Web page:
February 15, 2012
“PREDICTIVE NEGLECT” CASES BASED ON PARENT'S MENTAL HEALTH
By: Hendrik deBoer, Research Fellow
Mark Randall, Research Fellow
You asked for information on child neglect cases where Connecticut courts affirmed the use of the “predictive neglect” doctrine and removed a child from a parent's custody based on that parent's mental illness.
By law, the Department of Children and Families (DCF) can remove children from their parents' custody and move to terminate parental rights if it believes the children have been neglected. Predictive neglect is a common-law doctrine that the state's child welfare system uses to determine whether neglect has occurred on the basis of conditions that are “injurious to the child's well-being.” Under this doctrine, the child has not been harmed; rather, there is an allegation that the child could be harmed in the future. DCF has regularly relied on the predictive neglect doctrine to both (1) remove children from their parents' custody and (2) terminate parental rights.
DCF policy establishes factors that could constitute predictive neglect. Although the policy does not include a parent's unstable mental health as one such factor, DCF has routinely pointed to such as grounds for removing children from their parents' custody. Likewise, the courts have regularly affirmed these cases and have upheld DCF's removal. In these cases, the courts have insisted that the parties petitioning for removal meet a burden of proof threshold.
The law provides that “[a] child or youth may be found 'neglected' who (A) has been abandoned, (B) is being denied proper care and attention, physically educationally, emotionally or morally, (C) is being permitted to live under conditions, circumstances or associations injurious to the well-being of the child or youth, or (D) has been abused” (CGS § 46b-120(8))
The law allows DCF, among others, to file a neglect petition with the local Superior Court alleging that a child or youth is “neglected.” Often, this filing is accompanied with a Motion for Order of Temporary Custody (OTC). In these cases, if the court determines, based on affidavits provided by DCF, that there is “reasonable cause to believe that (1) the child or youth is suffering from serious physical illness or serious physical injury or is in immediate physical danger from the child's or youth's surroundings, and (2) that as a result of said conditions, the child's or youth's safety is endangered and immediate removal from such surroundings is necessary to ensure the child's or youth's safety,” the court may issue an ex parte order of temporary custody, placing the child or youth with DCF. In emergency cases, DCF also has the power to initiate a 96-hour administrative hold, allowing the department to immediately take custody of a child or youth without court approval. Following this, the agency must go to court as soon as possible to move for an OTC.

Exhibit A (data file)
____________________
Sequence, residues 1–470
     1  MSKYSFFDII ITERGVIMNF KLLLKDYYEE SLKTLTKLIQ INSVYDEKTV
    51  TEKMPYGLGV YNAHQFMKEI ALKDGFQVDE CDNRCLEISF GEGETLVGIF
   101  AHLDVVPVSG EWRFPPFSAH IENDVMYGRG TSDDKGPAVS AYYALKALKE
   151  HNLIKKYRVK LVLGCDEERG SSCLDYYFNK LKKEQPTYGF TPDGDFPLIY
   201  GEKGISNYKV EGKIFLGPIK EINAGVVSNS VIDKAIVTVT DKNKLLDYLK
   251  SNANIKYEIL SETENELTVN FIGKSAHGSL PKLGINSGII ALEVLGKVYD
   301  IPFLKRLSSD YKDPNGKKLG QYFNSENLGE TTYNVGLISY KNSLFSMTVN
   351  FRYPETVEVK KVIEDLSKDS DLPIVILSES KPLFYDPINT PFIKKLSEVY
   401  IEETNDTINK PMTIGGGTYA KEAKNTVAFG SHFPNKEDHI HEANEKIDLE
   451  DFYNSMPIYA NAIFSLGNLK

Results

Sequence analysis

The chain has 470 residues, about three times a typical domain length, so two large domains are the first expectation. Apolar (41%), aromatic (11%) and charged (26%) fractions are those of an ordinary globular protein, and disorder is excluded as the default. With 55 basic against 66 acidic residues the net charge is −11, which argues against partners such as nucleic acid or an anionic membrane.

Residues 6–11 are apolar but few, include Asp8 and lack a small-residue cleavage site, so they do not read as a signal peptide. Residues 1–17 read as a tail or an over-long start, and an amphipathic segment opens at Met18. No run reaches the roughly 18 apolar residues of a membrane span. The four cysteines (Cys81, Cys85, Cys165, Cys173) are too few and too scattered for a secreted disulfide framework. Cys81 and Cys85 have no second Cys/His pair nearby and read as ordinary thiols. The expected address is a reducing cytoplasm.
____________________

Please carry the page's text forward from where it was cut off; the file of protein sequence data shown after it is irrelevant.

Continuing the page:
Whether the neglect petition is filed on its own or as part of an OTC, parents are entitled to a neglect trial, a full trial to determine whether the child or youth is “neglected” under state law. DCF has the burden of proof by a preponderance of the evidence in these trials. The court considers any evidence pertinent to the child or youth's living situation and the parent or parents' ability to care for the child or youth. A finding by the court that the child or youth is “neglected” may result in an order of protective supervision, the commitment of the child or youth, a transfer of custody or, in severe cases, termination of parental rights (CGS § 46b-129).
DCF may allege that has a child has been “neglected” based on one or more of the law's four criteria. It is under the third criteria, that the child or youth is “being permitted to live under conditions, circumstances of associations injurious to his or her well-being”, that DCF has invoked, and the courts have recognized, the doctrine of “predictive neglect.”
While state law does not establish the doctrine, the DCF Policy Manual attempts to clarify which situations may qualify as “conditions injurious to the child's well-being” for the purpose of alleging predictive neglect. These include when the child:
1. has witnessed repeated episodes of domestic violence,
2. lives in a home where drug trafficking takes place,
3. is repeatedly exposed to alcohol or substance abuse,
4. is exposed to inappropriate sexual conduct by adult caretakers,
5. is left with inappropriate caretakers,
6. has siblings who have been neglected or abused and the conditions leading to that neglect or abuse have not abated, or
7. is a newborn whose parents are unable to provide adequate care (DCF Policy Manual § 46-3-10)
The courts have ruled that predictive neglect exists when a child is in danger of being harmed in the future, even if no harm has presently occurred. The Connecticut Appellate Court has stated that Connecticut's statutes “clearly and explicitly recognize the state's authority to act before harm occurs to protect children whose health and welfare may be adversely affected and not just children whose welfare has been affected. The [person filing the neglect petition] need not show, but simply allege, that there is a potential for harm to occur” (In re Michael D., 58 Conn. App. 119, 123-24 (2000)). Courts also have ruled that under the doctrine, a child can be considered neglected without ever having been under the custody of a parent (In re Jermaine S., 86 Conn. App. 819, 829 (2005)).